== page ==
US Army Corps of Engineers
Omaha District

Recent Articles

Military working dogs to get new woof over their heads thanks to Omaha District
8/15/2019 UPDATED
If you were asked where the US Army Corps of Engineers Omaha District was building a new kennel for military working dogs, what would your guess be?Newfoundland? Barksdale Air Force Base?The answer is...
Managing Army Corps Water Resource Projects
6/26/2019 UPDATED
Today, the U.S. Army Corps of Engineers manages thousands of water resource projects across the country. The Corps generates hydropower, supplies water to cities and industry, regulates development...
Getting to Know the Omaha District: Chuck McWilliams
6/20/2019
With more 700,000 square miles within its area of responsibility, the Omaha District’s 1,200+ employees bring very unique skillsets and experiences to the District’s broad mission set. Positions...
Corps of Engineers leveraging drone technology to capture imagery after flooding in Midwest
5/10/2019 UPDATED
In mid-to-late March, flood water covered much of eastern Nebraska, western Iowa, and northern Missouri. Due to the extreme amount of water in the area, members of the U.S. Army Corps of Engineers,...
Omaha District System Restoration Team in full swing bringing levee system back up
5/1/2019
The U.S. Army Corps of Engineers, Omaha District responded to the devastating unregulated runoff event of 2019 by activating the Omaha Systems Restoration Team, whose mission is to provide regional,...

Where to go in a Zombie Apocalypse? What about a Nuclear Attack?

Omaha District, U.S. Army Corps of Engineers
Published Oct. 20, 2014
In the 1960s, the Office of Civil Defense, with help from the U.S. Army Corps of Engineers and other Federal agencies led an effort to answer this question. But, instead of zombies, the threat was from a potential nuclear disaster. The Civil Defense Fallout Shelter items were on display at the Lewis and Clark Visitor Center at Gavins Point Dam during the 2014 recreation season. Background photo is courtesy of Thierry Ehrmann to copy and redistribute with credit via creativecommons.org 2.0 attribution.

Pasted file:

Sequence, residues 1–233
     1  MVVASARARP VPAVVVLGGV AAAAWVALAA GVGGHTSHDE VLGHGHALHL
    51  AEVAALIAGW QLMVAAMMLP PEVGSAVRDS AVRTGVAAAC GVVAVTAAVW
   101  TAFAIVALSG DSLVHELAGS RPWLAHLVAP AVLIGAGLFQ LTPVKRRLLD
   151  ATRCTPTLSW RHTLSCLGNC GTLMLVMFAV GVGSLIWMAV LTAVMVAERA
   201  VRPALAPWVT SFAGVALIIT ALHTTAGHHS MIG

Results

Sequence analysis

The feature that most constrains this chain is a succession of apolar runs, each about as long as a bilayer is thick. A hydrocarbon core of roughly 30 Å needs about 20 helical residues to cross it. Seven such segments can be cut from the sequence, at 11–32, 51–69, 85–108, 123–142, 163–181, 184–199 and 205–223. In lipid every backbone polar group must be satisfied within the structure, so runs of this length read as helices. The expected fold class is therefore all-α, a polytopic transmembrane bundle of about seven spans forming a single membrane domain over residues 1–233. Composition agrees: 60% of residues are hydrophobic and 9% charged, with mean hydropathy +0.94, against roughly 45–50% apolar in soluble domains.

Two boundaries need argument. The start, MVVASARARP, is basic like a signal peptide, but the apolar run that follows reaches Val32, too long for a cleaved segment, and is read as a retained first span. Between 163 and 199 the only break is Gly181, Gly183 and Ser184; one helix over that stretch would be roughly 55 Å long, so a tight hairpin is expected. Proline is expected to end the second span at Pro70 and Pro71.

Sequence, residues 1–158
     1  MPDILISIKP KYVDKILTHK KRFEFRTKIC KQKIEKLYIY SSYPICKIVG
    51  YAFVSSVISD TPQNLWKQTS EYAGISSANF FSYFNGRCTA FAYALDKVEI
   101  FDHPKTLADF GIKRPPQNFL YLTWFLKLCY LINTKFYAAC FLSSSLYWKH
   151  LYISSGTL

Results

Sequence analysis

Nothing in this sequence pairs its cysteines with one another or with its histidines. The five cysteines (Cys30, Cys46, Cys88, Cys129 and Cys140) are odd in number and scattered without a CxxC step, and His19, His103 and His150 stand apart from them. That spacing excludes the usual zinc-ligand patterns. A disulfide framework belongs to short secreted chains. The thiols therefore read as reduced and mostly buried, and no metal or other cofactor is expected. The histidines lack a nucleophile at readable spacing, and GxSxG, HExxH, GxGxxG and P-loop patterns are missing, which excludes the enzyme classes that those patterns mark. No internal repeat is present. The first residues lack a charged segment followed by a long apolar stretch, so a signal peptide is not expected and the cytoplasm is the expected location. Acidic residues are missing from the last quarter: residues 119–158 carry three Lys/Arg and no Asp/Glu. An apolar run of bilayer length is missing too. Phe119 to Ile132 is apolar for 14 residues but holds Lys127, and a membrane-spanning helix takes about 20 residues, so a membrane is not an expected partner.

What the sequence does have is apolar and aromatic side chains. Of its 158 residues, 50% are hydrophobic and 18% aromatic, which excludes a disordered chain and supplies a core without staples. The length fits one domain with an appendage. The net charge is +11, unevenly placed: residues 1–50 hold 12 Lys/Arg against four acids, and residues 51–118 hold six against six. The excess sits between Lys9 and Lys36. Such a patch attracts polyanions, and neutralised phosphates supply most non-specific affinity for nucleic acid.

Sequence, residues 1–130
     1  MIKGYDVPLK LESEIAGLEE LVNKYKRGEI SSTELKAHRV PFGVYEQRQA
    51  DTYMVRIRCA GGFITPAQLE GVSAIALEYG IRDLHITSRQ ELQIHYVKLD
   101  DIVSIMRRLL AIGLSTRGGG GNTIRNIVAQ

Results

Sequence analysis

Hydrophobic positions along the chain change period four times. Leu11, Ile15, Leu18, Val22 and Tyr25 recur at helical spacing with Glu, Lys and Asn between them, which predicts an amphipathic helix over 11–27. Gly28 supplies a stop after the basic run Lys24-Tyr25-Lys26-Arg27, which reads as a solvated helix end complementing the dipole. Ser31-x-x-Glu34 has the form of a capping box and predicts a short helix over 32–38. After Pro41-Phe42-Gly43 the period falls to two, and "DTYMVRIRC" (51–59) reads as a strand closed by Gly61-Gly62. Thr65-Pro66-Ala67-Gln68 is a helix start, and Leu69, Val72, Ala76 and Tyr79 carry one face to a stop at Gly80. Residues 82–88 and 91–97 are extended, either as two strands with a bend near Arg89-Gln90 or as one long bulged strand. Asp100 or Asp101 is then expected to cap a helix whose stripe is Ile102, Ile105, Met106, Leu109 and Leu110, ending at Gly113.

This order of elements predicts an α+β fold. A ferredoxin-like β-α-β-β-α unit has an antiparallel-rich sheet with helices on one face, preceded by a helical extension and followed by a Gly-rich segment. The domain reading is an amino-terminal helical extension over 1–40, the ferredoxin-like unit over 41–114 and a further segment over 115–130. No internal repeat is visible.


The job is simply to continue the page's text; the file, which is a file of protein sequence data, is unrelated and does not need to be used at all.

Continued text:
In the 1960s, the Office of Civil Defense, with help from the U.S. Army Corps of Engineers and other Federal agencies led an effort to answer this question. But, instead of zombies, the threat was from a potential nuclear disaster. The Civil Defense Fallout Shelter items were on display at the Lewis and Clark Visitor Center at Gavins Point Dam during the 2014 recreation season. Background photo is courtesy of Thierry Ehrmann to copy and redistribute with credit via creativecommons.org 2.0 attribution.

Zombies. They’re at your door. Sure, this time it’s just trick or treaters. BUT...

What would you do if it were really zombies? Where would you go? What supplies would you need? Where would you use the bathroom? How would you get food or water and where would you sleep?

In the 1960s, the Office of Civil Defense, with help from the U.S. Army Corps of Engineers and other Federal agencies, led an effort to answer this question. But, instead of zombies, the threat was from a potential nuclear disaster.

Just in time for Halloween, peek into life in a fallout shelter as presented in a display prepared by Park Ranger Karla Zeutenhorst at the Lewis and Clark Visitor Center at Gavins Point Dam during the 2014 recreation season.

Zombies. They’re at your door. Sure, this time it’s just trick or treaters. BUT What would you do if it were really zombies? Where would you go? What supplies would you need? Where would you use the bathroom? How would you get food or water and where would you sleep? Instead of zombies, think 1960s and the threat; a potential nuclear disaster. Just in time for Halloween, peek into life in a fallout shelter as presented in a display at the Lewis and Clark Visitor Center, at Gavins Point Dam during the 2014 recreation season.